Archaeologists from Petrozavodsk State University in Russia have discovered a burial site of an ‘amber man’ who was painted with ocher, a red pigment used to mark a grave so it wouldn’t be disturbed. In addition to the distinctive paint job, the man, who was estimated to be from the Copper Age, was also buried with more than 100 pieces of jewelry. The man must have been rich when he was alive! Artnet has more details:
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The man buried in the chamber was almost certainly of high social standing, and may have been a trader himself from the Eastern Baltic States.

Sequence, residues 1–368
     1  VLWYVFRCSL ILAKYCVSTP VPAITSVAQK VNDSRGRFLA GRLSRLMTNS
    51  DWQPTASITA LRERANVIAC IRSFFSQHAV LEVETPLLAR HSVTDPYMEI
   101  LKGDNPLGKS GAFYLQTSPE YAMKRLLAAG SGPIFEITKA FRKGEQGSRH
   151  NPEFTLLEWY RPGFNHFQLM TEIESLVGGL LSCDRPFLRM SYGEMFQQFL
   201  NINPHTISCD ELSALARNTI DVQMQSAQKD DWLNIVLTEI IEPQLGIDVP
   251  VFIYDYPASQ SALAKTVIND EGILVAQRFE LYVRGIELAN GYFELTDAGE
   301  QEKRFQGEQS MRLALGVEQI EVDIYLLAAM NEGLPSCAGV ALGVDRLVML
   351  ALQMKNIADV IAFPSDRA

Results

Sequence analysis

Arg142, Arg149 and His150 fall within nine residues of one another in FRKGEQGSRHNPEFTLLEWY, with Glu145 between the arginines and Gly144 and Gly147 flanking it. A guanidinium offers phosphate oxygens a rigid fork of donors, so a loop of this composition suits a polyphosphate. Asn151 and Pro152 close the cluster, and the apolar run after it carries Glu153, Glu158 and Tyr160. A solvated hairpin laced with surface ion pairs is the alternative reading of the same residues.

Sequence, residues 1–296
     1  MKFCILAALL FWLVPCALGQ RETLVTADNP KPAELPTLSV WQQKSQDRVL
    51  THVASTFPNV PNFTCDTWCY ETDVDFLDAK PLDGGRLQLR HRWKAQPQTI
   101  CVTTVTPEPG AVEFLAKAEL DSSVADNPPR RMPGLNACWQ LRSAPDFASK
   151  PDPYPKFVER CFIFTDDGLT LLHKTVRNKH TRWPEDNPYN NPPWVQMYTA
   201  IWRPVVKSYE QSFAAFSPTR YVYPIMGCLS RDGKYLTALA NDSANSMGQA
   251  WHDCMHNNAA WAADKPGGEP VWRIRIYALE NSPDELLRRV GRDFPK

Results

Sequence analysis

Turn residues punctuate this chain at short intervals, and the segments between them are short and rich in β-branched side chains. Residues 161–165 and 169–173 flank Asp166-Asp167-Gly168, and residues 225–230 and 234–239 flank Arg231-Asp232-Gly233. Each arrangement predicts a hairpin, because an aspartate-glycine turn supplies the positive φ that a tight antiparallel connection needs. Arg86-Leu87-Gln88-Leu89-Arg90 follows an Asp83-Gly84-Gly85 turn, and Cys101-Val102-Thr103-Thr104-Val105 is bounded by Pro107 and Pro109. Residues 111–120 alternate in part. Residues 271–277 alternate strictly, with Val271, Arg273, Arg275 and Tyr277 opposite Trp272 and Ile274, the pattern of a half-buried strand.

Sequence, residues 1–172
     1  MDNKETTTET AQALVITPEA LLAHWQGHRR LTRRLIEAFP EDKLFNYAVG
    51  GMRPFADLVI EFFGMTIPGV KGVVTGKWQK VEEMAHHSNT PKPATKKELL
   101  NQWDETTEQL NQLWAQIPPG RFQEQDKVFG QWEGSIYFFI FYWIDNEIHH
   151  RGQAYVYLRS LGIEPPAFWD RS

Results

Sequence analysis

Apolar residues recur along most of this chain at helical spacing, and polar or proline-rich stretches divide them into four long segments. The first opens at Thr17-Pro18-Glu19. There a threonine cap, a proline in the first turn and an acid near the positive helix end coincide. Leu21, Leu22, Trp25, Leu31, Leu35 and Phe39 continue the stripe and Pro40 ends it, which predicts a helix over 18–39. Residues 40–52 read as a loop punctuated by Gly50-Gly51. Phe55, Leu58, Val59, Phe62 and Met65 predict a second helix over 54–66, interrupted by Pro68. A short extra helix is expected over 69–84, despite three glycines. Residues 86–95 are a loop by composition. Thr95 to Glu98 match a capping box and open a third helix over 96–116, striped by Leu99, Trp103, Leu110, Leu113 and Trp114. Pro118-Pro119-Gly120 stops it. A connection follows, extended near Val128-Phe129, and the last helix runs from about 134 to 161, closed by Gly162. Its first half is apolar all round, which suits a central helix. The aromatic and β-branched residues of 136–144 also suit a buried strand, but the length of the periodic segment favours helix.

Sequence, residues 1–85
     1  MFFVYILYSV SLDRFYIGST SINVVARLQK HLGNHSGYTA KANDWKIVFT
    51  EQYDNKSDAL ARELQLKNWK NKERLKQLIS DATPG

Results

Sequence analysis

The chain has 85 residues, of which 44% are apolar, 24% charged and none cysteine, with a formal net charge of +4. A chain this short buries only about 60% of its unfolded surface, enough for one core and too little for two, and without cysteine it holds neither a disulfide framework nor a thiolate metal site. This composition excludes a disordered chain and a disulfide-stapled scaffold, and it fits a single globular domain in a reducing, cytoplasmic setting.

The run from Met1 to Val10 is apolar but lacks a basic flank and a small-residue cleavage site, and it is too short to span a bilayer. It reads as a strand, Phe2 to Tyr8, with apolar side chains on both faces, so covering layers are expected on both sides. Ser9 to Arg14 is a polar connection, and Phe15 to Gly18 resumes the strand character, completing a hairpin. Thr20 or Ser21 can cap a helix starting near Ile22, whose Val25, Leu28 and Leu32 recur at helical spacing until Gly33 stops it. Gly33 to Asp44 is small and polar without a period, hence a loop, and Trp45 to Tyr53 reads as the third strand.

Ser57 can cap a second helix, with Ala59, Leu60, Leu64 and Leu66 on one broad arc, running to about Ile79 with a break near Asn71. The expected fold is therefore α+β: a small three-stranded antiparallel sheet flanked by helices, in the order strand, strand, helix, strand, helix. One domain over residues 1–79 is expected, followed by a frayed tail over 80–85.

The objects included pendants, discs, and amber buttons “arranged in rows face down” and sewn onto a covering made of leather and placed over the body. Another two tiers of amber buttons were found along the edges of the small grave.
The flint chips found are likely from tools placed over the body and “are clearly so-called votive items—offerings apparently symbolizing whole knives and arrowheads,” researchers said in their paper.
The unique aspect of this particular burial, they said, is that it is an individual grave. Other burials dating to the Mesolithic era and found in the forest belt of Europe are large cemeteries.
Burials with such a large number of jewels were previously unheard of in this area of Karelia, nor have they been uncovered in nearby northwestern regions.
Image credit: Petrozavodsk State University